Among western-film buffs, Lyles was best known for producing a string of low-budget westerns in the 1960s that included “Young Fury,” starring Rory Calhoun and Virginia Mayo, and “Waco” with Howard Keel and Jane Russell.
As of 2006 – the year he turned 88 – Lyles was still active in Hollywood, serving as a consulting producer on the HBO western series “Deadwood.”
In later years, he was often interviewed for television documentaries chronicling the careers of Clara Bow, DeMille and Marlene Dietrich. And he was frequently called upon to deliver eulogies for such famous friends as Bob Hope and Donald O’Connor.
The walls of his large office on the fourth floor of the William S. Hart Building – once occupied by his friend Fred Astaire – were covered with framed photos of him with his celebrity friends.
Next to his large desk was a hand-cranked movie camera used on Paramount’s Oscar-winning silent film “Wings,” a World War I flying epic.
And therein lies the beginning of Lyles’ Paramount story.
He was born Andrew Craddock Lyles Jr. on May 17, 1918, in Jacksonville, Fla. At 10, he found his future when his local theater screened “Wings” and he pluckily inquired about employment.
“I just fell in love with the movie,” Lyles said in a 1998 Times interview.
After passing out advertisements for the theater, he became a pageboy, a job that included keeping track of doctors in the audience who were on call. At 14, he was promoted to usher.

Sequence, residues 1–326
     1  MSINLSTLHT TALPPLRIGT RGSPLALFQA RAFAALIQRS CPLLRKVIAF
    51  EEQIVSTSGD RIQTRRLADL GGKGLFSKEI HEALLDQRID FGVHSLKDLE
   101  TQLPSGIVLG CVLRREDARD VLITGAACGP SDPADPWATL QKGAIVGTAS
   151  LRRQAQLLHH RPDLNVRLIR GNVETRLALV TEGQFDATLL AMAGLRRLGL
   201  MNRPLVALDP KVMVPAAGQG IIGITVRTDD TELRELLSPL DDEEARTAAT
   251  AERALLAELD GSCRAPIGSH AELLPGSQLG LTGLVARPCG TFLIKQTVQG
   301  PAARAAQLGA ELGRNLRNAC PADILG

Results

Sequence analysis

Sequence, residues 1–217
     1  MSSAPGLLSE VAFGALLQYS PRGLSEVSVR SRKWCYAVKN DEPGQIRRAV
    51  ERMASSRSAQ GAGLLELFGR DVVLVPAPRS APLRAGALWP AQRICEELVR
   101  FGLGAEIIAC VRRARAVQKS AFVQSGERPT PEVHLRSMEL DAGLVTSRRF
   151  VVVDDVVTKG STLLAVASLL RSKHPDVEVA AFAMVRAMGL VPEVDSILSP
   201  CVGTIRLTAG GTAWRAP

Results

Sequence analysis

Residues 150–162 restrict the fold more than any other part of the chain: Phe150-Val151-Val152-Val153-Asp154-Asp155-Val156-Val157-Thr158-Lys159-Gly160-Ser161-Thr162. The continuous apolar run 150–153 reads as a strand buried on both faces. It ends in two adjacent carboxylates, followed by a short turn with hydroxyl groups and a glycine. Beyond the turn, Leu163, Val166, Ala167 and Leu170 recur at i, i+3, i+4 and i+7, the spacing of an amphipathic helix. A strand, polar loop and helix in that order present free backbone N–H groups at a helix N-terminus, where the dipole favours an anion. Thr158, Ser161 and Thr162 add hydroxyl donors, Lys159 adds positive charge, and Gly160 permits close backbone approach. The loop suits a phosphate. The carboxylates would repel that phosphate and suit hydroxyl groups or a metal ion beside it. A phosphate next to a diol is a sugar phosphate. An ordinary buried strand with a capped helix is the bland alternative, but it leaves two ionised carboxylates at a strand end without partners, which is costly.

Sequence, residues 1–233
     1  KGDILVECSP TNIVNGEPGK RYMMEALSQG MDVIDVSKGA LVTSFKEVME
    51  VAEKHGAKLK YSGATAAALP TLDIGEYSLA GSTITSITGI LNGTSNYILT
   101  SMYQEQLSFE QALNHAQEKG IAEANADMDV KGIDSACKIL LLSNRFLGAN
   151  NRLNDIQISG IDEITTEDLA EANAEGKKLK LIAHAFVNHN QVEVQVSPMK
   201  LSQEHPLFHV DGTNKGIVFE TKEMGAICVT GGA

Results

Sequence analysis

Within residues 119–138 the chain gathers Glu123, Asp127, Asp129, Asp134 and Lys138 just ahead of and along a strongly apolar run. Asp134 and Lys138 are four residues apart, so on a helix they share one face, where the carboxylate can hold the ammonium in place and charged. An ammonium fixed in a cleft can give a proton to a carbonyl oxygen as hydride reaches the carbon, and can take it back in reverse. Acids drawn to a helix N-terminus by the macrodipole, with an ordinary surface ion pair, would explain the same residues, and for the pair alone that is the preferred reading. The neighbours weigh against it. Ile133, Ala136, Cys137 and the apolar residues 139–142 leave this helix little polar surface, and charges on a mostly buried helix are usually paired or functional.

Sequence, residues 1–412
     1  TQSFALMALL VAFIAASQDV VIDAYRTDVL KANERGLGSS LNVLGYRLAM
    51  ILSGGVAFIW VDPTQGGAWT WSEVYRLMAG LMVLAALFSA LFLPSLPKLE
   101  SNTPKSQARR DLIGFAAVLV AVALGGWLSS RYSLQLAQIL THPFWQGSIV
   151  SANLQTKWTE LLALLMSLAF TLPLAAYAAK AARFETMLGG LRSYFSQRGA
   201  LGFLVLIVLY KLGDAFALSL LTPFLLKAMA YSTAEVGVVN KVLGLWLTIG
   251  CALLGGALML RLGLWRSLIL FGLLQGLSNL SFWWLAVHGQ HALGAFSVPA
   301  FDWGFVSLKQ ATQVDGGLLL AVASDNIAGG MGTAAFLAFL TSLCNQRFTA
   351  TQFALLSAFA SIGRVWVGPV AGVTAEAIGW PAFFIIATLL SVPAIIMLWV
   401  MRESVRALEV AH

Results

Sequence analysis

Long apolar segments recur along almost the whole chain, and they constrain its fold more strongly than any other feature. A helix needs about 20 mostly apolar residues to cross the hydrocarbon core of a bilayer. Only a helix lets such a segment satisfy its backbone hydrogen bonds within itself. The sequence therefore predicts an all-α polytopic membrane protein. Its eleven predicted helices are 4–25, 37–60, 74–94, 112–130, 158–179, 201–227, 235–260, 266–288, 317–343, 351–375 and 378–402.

When Zukor came to town for the opening of a Paramount film, young Lyles made a point of introducing himself.
“I said, ‘Mr. Zukor, would you take me to Hollywood? I want to learn about making movies.’ He said, ‘Well, you are 14. You finish high school. Keep in touch.’”
Taking Zukor at his word, Lyles wrote the studio boss every Sunday for years.
When Paramount star Gary Cooper arrived to promote a movie, Lyles told the actor that he was writing weekly letters to Zukor and that he was certain the executive was expecting him in Hollywood after he graduated from high school, Lyles said during a 2001 salute to Cooper.
Cooper asked for paper and pencil and wrote: “Dear Mr. Zukor, I’m looking forward to A.C. Lyles being with us out at the studio.” Lyles included the note in his next letter to Zukor.
He finally heard from Zukor’s secretary, who said: “Mr. Zukor’s been getting your letters every week. However, he thinks you don’t have to write every Sunday.”